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Q: How do I heat my cold basement? ( No Answer,   5 Comments )
Subject: How do I heat my cold basement?
Category: Family and Home > Home
Asked by: midnightdad-ga
List Price: $10.00
Posted: 03 Feb 2004 14:31 PST
Expires: 04 Mar 2004 14:31 PST
Question ID: 303267
The house: Single-family Colonial built in 1996, Central New Jersey,
approx. 2500 sq. ft., gas forced hot air heating.

The basement: full basement, cinderblock walls, wall-to-wall berber
carpet with moisture barrier padding (installed in concrete floor with
masonry tack strips), open ceiling

The problem: I've tried several methods for heating the basement
(cutting supply and return ducts, electric duct fans, and portable
heaters), but nothing will raise the temperature even one degree.  It
can get as cold as 55 deg. down there.  It's a nice big basement that
I'd like to turn into useable space but don't want to spend $10K or
more to have it professionally finished.  Please help me explore ways
to get heat down there short of hiring a pro.

Clarification of Question by midnightdad-ga on 03 Feb 2004 14:35 PST
I painted the basement cinderblock walls with one coat of Drylok and
then a coat of masonry paint.  This was mostly for appearance.  The
basement is completely dry.
There is no answer at this time.

Subject: Re: How do I heat my cold basement?
From: hlabadie-ga on 03 Feb 2004 15:01 PST
The "open ceiling" is probably the area of greatest heat loss. Heat
rises, and whatever heat you divert into the basement will end up
passing through the ceiling into the ground floor of the house. You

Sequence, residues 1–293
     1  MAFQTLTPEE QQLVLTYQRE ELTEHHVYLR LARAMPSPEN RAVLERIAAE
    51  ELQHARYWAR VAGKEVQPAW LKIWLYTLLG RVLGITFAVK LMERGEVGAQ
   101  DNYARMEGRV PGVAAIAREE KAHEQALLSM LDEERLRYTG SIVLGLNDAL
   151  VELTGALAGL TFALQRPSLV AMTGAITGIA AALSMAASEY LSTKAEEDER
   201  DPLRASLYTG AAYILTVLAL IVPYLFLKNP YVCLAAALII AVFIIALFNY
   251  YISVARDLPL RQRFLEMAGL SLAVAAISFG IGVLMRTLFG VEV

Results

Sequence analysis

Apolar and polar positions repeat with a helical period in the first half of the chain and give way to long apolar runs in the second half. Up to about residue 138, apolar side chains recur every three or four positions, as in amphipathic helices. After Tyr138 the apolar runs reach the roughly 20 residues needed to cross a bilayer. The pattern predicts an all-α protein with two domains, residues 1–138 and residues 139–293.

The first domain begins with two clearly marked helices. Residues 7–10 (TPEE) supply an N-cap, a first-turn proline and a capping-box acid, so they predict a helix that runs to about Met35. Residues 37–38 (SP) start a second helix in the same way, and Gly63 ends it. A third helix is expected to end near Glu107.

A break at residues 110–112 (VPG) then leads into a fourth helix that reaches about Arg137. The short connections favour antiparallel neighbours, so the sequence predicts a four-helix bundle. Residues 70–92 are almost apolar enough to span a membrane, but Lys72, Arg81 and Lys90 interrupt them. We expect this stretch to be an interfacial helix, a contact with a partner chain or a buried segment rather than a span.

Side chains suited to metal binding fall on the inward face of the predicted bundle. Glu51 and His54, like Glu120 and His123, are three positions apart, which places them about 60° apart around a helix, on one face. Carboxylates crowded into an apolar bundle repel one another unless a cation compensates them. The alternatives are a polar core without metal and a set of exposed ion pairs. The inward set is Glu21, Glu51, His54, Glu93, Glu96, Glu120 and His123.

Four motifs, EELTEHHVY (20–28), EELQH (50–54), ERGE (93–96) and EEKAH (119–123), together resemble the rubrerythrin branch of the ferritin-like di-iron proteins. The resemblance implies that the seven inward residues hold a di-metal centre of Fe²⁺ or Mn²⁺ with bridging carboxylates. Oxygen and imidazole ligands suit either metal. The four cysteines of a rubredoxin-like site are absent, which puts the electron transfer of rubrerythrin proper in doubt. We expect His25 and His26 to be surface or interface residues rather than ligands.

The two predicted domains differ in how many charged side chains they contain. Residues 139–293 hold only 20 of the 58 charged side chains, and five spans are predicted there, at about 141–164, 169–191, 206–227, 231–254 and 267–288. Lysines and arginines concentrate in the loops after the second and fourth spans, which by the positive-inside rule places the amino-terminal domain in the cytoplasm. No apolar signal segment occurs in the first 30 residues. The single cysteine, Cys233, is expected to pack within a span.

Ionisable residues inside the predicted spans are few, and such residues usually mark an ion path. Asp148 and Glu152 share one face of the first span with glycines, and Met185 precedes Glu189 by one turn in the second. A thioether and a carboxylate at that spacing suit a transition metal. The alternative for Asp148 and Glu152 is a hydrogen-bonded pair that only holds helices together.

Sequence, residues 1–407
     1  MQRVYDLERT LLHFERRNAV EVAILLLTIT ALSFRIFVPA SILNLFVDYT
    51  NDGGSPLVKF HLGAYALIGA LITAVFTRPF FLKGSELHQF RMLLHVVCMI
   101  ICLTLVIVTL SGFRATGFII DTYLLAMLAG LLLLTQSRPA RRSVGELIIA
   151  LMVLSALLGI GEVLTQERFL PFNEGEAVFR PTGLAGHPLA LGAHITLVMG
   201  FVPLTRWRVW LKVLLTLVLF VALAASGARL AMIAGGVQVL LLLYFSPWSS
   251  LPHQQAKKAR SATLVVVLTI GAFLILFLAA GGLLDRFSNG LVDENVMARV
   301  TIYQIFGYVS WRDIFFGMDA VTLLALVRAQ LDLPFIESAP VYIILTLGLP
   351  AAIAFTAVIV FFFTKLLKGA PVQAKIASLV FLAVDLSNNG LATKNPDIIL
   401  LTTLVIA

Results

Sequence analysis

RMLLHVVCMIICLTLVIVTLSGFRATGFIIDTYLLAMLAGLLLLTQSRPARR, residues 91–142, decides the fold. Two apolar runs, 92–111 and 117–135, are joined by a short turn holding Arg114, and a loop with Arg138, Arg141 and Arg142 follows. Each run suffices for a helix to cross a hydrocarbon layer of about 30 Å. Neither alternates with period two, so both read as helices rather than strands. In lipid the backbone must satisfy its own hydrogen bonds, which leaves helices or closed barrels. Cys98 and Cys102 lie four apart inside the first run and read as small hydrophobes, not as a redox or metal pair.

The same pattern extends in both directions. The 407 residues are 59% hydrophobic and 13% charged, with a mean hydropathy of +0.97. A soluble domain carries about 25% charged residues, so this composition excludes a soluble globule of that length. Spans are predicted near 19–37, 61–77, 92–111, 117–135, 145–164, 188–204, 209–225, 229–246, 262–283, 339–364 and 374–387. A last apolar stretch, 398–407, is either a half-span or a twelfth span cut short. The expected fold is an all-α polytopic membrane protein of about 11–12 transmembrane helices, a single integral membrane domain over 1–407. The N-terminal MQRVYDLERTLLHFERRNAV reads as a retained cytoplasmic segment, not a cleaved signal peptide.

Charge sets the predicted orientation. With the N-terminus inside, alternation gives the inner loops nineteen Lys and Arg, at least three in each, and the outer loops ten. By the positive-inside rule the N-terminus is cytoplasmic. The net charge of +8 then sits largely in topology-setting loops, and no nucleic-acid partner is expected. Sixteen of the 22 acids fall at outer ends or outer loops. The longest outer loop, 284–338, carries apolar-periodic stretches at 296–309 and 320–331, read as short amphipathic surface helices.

should insulate the basement ceiling (that is, between the floor
joists of the ground floor). Naturally, that will lower the
temperature upstairs. Also, if there are windows into the basement,
they should be suitably glazed to prevent heat loss.

Subject: Re: How do I heat my cold basement?
From: digitalentety-ga on 03 Feb 2004 16:41 PST
Get your self some heat reflective insulation.
Subject: Re: How do I heat my cold basement?
From: stressedmum-ga on 03 Feb 2004 16:59 PST
Further to what hlabadie-ga said about the open ceiling, if you
install a ceiling fan, you'll find that the hot air that has risen
will be recirculated and will maintain a warmer temperature at ground

Another option to consider would be to install some sort of
non-structural insulation panels so that the heat transfer out
*through* the cinderblock walls is slowed somehow.

See if this site is any use:
Subject: Re: How do I heat my cold basement?
From: liner-ga on 04 Feb 2004 06:53 PST
I too have a cold basement, and I know exactly why.  I have a furnace,
and it needs combustion air.  The rest of the house is well sealed, so
when the furnace kicks on, I can feel the cold air sweep in from
unsealed openings, keeping the basement miserable.

You have two solutions, neither of which is very cheap.  You can buy a
new furnace which is designed to burn outside air, and requires a
properly sized fresh air duct to the outside.  Or, you can enclose the
furnace in a "closet" and put a homebuilt duct to the furnace.  In
either case you must be extremely careful about duct sizing for safe
Subject: Re: How do I heat my cold basement?
From: arjo-ga on 03 Mar 2004 15:15 PST
I'll start this comment with the disclaimer that I work for an
electric floor heating company and I don't plan on using this forum
for selling my product but the other comments that have been posted
are only to do with insulation not actual heating of the basement.
With electric floor heating, you do have to redo the floor, but it is
an easy way to add heat to a space and only take up approximately 1/8"
of floor height. We also have a product that goes directly under
carpeting and does not add any floor height whatsoever.

I work for and our systems can be used as a
primary heat source for most applications. In the interest of fairness
other good websites include,, and
another one of our websites that talk more generally of radiant heat

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